My country is plagued with the so called “Prosperity Gospel” and the “Modern Evangelical Christianism” of TV shows and praise and worship meetings, and what they have missed (among so many other things) is always the “next verses” those that bring us to our knees before the Holy One.
I feel rage when I see many looking after the gifts, the power, the provision, but run away before they meet the Holy One.

Our response to God’s power, to the manifestation of the Holy One, should be falling on our knees “undone”, crying “I am a sinful man”.

“We notice that Jesus did not lecture Peter about his sins. There was no rebuke, no word of judgment. All Jesus did was to show Peter how to catch fish. But when the Holy is manifest, no words are need to express it. Peter got the message that was impossible to miss. The transcendent standard of all righteousness an all purity blazed before his eyes. Like Isaiah before him, Peter was undone”

The chapter goes on, and Sproul warns us about the fake holiness of the Pharisees and Sadducees; I will not extend into that but you can read other comments on this chapter here, at Challies.

Today, as I consider all these, I can’t but be thankful for Jesus Christ. It is only through Him that I can come before a Holy God and not be consumed.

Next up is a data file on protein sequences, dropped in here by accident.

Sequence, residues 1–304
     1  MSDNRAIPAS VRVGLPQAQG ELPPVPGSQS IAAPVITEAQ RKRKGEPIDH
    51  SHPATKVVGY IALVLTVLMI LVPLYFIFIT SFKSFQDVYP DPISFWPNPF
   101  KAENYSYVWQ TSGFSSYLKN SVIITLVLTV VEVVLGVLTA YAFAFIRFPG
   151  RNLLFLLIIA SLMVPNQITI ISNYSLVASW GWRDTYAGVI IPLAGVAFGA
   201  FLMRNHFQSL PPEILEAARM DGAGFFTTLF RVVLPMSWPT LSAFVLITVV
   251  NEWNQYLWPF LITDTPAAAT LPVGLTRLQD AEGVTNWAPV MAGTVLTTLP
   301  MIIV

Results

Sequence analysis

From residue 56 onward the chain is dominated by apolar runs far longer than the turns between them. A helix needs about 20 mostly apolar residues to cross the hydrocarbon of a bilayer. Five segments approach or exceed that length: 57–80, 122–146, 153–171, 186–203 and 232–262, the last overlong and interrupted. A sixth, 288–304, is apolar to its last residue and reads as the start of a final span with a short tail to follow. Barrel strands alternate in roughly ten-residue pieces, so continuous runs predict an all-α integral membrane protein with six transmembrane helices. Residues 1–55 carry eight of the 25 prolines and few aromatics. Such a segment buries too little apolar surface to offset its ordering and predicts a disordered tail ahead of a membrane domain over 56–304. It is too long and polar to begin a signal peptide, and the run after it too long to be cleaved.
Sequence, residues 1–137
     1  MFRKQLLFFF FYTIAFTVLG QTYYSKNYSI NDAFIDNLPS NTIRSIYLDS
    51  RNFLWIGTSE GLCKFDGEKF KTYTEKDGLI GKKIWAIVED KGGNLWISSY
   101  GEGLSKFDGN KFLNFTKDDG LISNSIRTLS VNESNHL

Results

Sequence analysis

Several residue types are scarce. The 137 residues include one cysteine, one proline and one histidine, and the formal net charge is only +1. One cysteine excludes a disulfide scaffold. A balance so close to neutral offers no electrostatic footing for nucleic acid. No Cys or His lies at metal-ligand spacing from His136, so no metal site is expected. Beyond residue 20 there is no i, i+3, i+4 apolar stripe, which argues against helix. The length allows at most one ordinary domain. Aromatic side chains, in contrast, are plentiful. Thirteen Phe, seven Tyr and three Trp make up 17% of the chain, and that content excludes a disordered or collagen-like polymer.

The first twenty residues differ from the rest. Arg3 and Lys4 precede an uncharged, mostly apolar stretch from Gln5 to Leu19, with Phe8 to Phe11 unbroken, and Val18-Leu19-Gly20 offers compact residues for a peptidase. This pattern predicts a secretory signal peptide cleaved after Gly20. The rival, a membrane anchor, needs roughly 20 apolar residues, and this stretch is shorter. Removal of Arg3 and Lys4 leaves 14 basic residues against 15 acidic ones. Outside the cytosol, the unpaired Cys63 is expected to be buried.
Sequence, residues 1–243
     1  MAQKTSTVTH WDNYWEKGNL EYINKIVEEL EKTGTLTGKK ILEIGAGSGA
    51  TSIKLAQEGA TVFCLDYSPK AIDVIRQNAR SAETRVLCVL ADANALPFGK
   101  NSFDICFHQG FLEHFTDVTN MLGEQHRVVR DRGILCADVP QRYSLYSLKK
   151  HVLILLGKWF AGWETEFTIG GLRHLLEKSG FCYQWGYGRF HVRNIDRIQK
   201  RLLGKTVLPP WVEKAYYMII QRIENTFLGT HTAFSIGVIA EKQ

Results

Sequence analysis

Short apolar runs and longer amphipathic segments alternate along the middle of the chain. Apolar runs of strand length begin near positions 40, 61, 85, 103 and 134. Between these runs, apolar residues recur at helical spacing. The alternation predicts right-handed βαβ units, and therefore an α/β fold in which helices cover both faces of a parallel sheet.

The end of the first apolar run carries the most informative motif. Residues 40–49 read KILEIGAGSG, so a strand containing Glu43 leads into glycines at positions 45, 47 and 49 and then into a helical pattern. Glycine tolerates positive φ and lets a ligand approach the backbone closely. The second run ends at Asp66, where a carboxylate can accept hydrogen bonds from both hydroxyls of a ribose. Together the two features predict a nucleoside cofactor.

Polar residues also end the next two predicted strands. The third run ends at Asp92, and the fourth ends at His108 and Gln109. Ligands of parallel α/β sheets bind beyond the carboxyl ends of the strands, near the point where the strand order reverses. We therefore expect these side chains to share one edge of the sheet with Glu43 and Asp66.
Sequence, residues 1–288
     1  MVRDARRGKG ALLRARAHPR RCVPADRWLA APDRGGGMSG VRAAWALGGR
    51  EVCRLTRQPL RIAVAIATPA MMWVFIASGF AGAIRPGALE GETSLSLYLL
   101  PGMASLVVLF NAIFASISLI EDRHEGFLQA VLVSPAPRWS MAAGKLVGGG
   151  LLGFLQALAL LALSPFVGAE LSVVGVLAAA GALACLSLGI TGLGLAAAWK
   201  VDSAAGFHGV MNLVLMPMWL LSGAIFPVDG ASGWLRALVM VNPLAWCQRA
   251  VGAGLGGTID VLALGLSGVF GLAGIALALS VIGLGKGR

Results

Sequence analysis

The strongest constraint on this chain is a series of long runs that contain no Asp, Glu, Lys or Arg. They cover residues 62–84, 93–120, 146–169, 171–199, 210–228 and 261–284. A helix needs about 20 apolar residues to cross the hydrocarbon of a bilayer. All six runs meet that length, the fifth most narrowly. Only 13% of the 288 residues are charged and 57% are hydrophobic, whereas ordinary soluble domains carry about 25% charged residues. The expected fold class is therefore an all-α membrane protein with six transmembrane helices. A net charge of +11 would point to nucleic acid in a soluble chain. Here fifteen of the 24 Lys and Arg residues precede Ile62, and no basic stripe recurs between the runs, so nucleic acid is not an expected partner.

May we see Him as He is. May we find Him today as we consider His Word.

Related Posts:

The Holiness of God -Chapter One-
The Holiness of God -Chapter Two-
The Holiness of God -Chapter Three
The Holiness of God -Chapter Five-

6 thoughts on “>The Holiness of God – Chapter Four-

  1. >Love your thoughts! I loved how Sproul emphasized the disciples' reaction to Jesus after He calmed the storm…and I completely agree with you that we tend to stop too soon and overlook important points like that!

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  2. >"but truly, do we really want to see His Holiness in the storm? Maybe we will find out that the most terrible storm is not the one outside, but the one in our heart."This is the acid test isn't it? I'm so glad that Christ is our strength and shield. Only He can give us the desire to put His glory above our own personal comfort.Beautiful words Becky! Much love to you!

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  3. >Love the Rembrandt.Sproul’s zeroing in on the disciples’ reaction of fear AFTER the storm was calmed really hit home with me, too. You’re right that we often stop our stories too short! We need to see them through until we see the ONE whom the story is about, in all his holiness. Thanks for sharing. I always look forward to what you’ll have to say.I appreciate Mrs. DH above pointing out the difference in the Greek words for fear. Interesting and relevant.

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  4. >Becky,When reading Mark's account of Jesus calming the storm, my curiosity was piqued and I wondered if the same Greek word was used to say that the disciples were afraid of the storm and that they were filled with fear. As we would expect, the Greek words are different. When Christ said that they were afraid of the storm, the Greek word deilos was used which means timid and implies faithless. When the disciples were filled with fear following Christ's calming of the storm, the Greek word phobeo was used which means to be alarmed, in awe of, and to revere.I thought that was interesting and thought you might enjoy it as well.